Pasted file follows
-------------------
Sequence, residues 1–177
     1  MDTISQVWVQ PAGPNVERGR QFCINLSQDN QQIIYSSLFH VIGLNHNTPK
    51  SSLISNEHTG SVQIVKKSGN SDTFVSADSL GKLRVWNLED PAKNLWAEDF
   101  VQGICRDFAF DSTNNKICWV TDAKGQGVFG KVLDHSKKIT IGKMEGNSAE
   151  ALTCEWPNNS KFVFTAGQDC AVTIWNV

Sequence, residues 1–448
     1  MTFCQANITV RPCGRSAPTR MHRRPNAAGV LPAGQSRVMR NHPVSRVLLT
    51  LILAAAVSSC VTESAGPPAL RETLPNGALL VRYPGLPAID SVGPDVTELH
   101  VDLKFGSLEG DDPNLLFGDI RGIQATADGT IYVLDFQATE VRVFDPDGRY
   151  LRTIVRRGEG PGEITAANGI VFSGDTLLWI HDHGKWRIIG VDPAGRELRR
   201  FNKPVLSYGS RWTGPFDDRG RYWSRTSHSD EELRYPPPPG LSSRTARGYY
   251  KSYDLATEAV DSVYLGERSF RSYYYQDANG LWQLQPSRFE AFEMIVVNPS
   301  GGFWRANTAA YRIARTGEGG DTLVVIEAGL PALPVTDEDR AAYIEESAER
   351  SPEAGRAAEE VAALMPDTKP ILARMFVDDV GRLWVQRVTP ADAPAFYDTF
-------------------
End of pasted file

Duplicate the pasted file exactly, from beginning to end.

Sequence, residues 1–177
     1  MDTISQVWVQ PAGPNVERGR QFCINLSQDN QQIIYSSLFH VIGLNHNTPK
    51  SSLISNEHTG SVQIVKKSGN SDTFVSADSL GKLRVWNLED PAKNLWAEDF
   101  VQGICRDFAF DSTNNKICWV TDAKGQGVFG KVLDHSKKIT IGKMEGNSAE
   151  ALTCEWPNNS KFVFTAGQDC AVTIWNV

Sequence, residues 1–448
     1  MTFCQANITV RPCGRSAPTR MHRRPNAAGV LPAGQSRVMR NHPVSRVLLT
    51  LILAAAVSSC VTESAGPPAL RETLPNGALL VRYPGLPAID SVGPDVTELH
   101  VDLKFGSLEG DDPNLLFGDI RGIQATADGT IYVLDFQATE VRVFDPDGRY
   151  LRTIVRRGEG PGEITAANGI VFSGDTLLWI HDHGKWRIIG VDPAGRELRR
   201  FNKPVLSYGS RWTGPFDDRG RYWSRTSHSD EELRYPPPPG LSSRTARGYY
   251  KSYDLATEAV DSVYLGERSF RSYYYQDANG LWQLQPSRFE AFEMIVVNPS
   301  GGFWRANTAA YRIARTGEGG DTLVVIEAGL PALPVTDEDR AAYIEESAER
   351  SPEAGRAAEE VAALMPDTKP ILARMFVDDV GRLWVQRVTP ADAPAFYDTF